sketch of Joseph Smith showing the golden plates to a group of men

Joseph Smith’s Seer Stones: Coming to Grips with Troubling Information in Church History

Paradigm shifts can rock our world, but they can also bring greater understanding.

"To maintain our belief in miracles is the foundation of the Restoration." -Michael Hubbard MacKay

Photo by Austin Neill

Before 1697, Westerners believed the idiom “all swans are white.” But when a Dutch explorer discovered a black swan in Australia, his discovery “instantly demolished an apparent reality while also enabling a new, more informed state of mind.”

Similarly, when one encounters previously unknown information about Church history, a faith crisis can arise. When cherished and long-held beliefs come into conflict with the new information, an important part of an individual’s worldview can suddenly feel shattered. In his article “Mormon Paradigm Shifts: Joseph Smith’s Seer Stones,” Michael Hubbard MacKay refers to this experience as a paradigm shift.

MacKay describes a recent black swan in Mormonism: the publication in the Ensign of a photo of Joseph Smith’s seer stone. The revelation shocked some Church members. MacKay says they may have wondered why they hadn’t heard about the seer stone before and why the Church hadn’t mentioned it had one. Even though this information may have troubled some, MacKay helps us understand that changing the way we think about seer stones does not have to alter our belief in the truthfulness of the Restoration of the gospel.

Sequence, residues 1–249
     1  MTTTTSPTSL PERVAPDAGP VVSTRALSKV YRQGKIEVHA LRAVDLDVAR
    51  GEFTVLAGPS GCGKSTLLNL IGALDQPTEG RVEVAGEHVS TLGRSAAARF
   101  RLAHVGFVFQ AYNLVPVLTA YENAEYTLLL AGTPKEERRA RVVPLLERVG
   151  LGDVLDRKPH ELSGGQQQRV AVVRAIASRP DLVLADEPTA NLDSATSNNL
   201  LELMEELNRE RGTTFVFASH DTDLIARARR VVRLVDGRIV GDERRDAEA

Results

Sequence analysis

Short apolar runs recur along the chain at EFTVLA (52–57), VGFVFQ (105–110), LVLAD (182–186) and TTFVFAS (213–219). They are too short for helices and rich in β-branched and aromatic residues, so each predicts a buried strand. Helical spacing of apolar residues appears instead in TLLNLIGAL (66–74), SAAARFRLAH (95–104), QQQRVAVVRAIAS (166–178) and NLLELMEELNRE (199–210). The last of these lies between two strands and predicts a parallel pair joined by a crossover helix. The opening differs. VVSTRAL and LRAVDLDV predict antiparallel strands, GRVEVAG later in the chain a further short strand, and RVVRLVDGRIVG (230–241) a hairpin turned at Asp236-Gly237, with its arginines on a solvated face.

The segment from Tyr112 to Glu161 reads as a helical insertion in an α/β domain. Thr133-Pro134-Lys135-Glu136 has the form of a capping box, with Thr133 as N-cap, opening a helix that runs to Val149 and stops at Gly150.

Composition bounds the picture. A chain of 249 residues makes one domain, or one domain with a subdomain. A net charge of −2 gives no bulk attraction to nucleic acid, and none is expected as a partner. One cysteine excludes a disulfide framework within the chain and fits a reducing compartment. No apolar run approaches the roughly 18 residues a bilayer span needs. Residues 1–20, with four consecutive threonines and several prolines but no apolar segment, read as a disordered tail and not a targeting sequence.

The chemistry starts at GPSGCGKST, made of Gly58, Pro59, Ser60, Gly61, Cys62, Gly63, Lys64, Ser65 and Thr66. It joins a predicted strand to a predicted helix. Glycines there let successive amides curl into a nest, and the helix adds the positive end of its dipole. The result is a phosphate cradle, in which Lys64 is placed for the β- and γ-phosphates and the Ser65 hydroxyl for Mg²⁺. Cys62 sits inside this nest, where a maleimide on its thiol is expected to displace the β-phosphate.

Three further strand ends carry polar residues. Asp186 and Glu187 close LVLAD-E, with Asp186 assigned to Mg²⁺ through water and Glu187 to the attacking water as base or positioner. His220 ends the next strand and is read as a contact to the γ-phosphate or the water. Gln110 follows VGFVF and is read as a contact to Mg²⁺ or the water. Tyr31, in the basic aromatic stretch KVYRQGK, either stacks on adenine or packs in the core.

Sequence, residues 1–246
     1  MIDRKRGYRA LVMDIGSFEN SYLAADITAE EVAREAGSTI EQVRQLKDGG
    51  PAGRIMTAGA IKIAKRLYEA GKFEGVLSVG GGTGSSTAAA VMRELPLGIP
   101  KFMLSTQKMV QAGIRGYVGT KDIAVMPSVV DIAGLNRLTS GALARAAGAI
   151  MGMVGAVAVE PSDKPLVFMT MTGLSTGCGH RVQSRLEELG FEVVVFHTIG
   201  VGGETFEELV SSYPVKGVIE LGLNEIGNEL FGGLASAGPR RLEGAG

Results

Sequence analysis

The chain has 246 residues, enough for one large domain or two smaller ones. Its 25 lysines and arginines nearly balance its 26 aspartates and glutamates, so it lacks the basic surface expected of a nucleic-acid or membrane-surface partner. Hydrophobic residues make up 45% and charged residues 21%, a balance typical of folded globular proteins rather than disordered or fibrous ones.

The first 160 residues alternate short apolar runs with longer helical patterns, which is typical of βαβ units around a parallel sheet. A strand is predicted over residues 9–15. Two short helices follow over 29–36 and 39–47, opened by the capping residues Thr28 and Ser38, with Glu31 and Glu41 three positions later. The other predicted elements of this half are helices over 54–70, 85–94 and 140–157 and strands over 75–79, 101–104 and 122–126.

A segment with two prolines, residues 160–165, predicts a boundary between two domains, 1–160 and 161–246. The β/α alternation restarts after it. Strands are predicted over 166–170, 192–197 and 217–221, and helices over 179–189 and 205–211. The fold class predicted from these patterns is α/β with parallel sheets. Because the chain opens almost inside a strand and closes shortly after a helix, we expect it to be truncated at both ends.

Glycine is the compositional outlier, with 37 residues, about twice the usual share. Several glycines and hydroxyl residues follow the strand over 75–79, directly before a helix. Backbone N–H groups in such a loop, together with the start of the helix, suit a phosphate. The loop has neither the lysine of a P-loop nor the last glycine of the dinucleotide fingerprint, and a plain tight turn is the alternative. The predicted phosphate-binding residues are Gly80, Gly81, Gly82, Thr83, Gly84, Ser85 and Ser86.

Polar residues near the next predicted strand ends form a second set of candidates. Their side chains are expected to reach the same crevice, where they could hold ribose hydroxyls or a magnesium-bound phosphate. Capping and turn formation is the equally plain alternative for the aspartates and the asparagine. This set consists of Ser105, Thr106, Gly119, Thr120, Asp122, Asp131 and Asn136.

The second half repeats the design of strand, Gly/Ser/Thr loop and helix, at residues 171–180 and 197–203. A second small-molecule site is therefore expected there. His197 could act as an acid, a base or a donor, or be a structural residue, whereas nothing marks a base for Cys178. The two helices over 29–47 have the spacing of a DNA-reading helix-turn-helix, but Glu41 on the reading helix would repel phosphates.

New information can be jarring, but the process of a paradigm shift helps us to normalize information that was once shocking and to achieve a “more informed state of mind.” And as we continue to seek after this informed state of mind, “the paradigm shifts we experience will begin to exclude crises, and careful evaluation will allow for a smooth transition from not knowing to knowing.”

Source: BYU Religious Education Review, BYU Religious Studies Center

—Tyler Balli, Mormon Insights contributor 

feature image by olinda reynolds

Find more insights

Read Tacy LeBaron’s Mormon Insights article “Understanding the Book of Mormon’s Translation.”

Read “Joseph the Seer” by Richard E. Turley Jr., Robin S. Jensen, and Mark Ashurst-McGee, in which they discuss how “the historical record clarifies how Joseph Smith fulfilled his role as a seer and translated the Book of Mormon.”

To learn more about the actual translation process, read “Book of Mormon Translation,” an article published by the Church on lds.org/topics in 2014.

Read Keith A. Erekson’s article “Understanding Church History by Study and Faith” to learn more about how to accept and understand Church history.

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